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Annual report cites rise in hate groups, but some ask: What is hate?

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Potok notes that the slowdown in the increase of the number of so-called "nativist" anti-immigration groups is probably related to the enactment of tough new measures against illegal immigrants, such as in Arizona. But while legislators in states such as Virginia and Montana have proffered a slew of antifederal legislation this year, the mainstreaming of hard-right issues hasn't dramatically “taken the wind out of the sails” of Patriot groups, he says.

“[Despite] historic Republican gains, the early signs suggest that even as the more mainstream political right strengthens, the radical right has remained highly energized,” the report states.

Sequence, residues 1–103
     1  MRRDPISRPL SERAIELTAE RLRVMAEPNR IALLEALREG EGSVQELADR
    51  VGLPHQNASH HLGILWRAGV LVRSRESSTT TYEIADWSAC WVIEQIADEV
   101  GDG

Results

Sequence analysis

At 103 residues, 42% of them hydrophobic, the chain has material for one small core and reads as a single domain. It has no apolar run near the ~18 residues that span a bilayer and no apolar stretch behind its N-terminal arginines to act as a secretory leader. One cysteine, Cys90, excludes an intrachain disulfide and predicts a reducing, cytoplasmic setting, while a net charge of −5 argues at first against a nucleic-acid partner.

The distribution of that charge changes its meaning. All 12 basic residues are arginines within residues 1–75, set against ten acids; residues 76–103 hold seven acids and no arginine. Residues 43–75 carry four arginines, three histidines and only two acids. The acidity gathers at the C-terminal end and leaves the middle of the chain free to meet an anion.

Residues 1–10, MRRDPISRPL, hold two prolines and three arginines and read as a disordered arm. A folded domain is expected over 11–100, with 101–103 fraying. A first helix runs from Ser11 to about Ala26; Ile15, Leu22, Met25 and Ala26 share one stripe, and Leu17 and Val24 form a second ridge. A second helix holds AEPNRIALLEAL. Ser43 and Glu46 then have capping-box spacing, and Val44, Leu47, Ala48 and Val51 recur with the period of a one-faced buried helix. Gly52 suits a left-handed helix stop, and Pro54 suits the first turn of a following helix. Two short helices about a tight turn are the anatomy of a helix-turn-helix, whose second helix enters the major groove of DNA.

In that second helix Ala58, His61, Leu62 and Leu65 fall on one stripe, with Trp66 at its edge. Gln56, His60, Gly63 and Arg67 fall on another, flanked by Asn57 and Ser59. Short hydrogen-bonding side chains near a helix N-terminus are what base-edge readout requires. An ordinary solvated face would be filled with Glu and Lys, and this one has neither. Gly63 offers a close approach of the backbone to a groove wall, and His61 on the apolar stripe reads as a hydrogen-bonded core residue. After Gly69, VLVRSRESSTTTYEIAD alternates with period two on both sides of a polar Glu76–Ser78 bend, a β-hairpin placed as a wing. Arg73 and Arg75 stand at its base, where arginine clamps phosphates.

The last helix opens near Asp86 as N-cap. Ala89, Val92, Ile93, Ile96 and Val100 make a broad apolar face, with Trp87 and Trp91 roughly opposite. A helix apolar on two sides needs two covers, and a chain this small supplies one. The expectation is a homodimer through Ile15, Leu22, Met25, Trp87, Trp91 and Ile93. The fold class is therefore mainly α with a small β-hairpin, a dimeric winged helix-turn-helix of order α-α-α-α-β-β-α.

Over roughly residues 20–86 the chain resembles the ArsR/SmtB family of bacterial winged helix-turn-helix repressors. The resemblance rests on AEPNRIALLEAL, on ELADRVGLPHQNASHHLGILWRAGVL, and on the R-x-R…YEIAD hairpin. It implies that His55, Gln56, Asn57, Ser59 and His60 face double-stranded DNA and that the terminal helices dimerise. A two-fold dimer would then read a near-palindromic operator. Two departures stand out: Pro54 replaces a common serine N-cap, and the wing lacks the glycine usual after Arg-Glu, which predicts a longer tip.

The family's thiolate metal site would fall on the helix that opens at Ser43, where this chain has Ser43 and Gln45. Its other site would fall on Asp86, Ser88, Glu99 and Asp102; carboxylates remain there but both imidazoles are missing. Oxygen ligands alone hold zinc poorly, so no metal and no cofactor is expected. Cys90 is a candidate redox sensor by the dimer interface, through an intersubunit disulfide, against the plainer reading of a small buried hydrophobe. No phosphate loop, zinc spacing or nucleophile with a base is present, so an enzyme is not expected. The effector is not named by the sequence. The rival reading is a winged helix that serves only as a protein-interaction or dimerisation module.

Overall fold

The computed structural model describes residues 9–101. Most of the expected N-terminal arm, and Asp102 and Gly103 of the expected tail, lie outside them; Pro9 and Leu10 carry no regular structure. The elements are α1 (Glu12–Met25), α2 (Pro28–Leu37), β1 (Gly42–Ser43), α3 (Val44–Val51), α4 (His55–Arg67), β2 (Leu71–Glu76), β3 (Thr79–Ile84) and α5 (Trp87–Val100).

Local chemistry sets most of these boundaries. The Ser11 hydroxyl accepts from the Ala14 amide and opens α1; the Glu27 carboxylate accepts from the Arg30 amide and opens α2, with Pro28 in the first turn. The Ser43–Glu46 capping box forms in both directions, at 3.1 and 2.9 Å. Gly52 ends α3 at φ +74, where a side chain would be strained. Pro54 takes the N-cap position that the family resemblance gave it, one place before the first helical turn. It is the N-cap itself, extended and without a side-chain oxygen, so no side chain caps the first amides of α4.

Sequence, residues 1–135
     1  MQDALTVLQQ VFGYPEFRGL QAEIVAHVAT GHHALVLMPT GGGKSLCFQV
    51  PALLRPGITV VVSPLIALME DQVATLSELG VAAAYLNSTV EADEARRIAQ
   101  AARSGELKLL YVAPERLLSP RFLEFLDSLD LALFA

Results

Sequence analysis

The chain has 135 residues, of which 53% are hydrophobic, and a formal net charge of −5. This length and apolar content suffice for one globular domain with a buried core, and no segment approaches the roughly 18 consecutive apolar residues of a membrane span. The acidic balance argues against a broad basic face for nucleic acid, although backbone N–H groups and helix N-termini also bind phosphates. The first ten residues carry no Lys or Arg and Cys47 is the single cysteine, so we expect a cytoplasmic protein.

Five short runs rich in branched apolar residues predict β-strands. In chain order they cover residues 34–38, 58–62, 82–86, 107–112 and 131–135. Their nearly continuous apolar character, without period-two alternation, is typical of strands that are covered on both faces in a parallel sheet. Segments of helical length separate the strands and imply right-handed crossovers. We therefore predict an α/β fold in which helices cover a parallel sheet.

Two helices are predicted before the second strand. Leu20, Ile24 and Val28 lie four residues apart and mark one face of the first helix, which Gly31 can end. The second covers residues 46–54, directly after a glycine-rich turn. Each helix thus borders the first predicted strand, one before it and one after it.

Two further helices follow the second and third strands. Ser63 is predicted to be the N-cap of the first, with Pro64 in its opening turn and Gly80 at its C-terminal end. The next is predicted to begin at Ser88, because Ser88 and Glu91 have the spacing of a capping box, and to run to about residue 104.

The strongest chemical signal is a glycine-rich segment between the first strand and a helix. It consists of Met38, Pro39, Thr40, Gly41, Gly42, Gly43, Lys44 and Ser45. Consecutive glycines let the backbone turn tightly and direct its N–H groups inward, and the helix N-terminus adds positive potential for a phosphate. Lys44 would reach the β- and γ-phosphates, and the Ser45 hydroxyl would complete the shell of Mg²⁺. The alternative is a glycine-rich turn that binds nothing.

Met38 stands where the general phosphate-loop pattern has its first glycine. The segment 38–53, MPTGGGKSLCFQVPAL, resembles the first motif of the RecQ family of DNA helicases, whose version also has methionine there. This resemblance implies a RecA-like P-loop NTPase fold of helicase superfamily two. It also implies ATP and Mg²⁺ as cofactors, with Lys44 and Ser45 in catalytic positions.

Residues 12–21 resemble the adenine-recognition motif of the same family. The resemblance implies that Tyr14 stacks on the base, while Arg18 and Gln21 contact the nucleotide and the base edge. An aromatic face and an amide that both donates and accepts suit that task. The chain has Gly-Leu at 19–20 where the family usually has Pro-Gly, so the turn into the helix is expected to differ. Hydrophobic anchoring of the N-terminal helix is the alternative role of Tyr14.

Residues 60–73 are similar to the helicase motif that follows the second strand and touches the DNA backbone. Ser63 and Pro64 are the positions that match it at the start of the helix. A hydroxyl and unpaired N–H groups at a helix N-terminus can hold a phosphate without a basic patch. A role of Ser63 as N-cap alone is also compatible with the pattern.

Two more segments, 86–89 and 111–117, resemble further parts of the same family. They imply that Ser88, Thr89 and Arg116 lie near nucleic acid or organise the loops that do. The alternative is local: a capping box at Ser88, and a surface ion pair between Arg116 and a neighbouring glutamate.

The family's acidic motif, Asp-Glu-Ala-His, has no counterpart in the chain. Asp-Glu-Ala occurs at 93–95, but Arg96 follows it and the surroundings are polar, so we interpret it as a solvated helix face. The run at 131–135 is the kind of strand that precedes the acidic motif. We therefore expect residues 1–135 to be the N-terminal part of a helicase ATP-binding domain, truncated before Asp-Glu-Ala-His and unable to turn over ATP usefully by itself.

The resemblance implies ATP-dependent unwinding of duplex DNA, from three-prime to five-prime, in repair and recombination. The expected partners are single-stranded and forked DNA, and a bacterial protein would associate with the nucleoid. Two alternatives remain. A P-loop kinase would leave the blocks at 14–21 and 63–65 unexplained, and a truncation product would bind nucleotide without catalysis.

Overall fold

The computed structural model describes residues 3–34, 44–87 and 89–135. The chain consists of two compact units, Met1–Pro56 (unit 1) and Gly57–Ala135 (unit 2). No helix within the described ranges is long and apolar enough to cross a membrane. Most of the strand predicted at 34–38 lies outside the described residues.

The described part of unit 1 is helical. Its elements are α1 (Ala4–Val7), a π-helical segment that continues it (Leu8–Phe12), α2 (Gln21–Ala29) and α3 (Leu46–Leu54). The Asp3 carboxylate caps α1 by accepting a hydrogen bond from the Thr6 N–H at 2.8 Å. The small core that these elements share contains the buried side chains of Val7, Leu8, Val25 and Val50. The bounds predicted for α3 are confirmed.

As evidence, the report points to an 11-day period in January when “a neo-Nazi was arrested headed for the Arizona border with a dozen homemade grenades; a terrorist bomb attack on a Martin Luther King Jr. Day parade in Spokane, Wash., was averted after police dismantled a sophisticated anti-personnel weapon; and a man who officials said had a long history of antigovernment activities was arrested outside a packed mosque in Dearborn, Mich., and charged with possessing explosives with unlawful intent. That’s in addition, the same month, to the shooting of US Rep. Gabrielle Giffords in Arizona, an attack that left six dead and may have had a political dimension.”

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